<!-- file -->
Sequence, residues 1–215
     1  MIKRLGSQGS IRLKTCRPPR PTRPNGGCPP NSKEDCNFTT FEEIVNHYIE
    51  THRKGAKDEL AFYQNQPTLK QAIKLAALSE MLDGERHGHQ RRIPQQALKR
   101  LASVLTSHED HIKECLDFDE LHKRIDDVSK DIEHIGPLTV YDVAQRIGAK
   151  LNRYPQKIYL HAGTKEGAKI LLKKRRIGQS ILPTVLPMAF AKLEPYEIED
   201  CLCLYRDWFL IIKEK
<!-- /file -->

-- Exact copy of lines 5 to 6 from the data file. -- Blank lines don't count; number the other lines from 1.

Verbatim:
   151  LNRYPQKIYL HAGTKEGAKI LLKKRRIGQS ILPTVLPMAF AKLEPYEIED
   201  CLCLYRDWFL IIKEK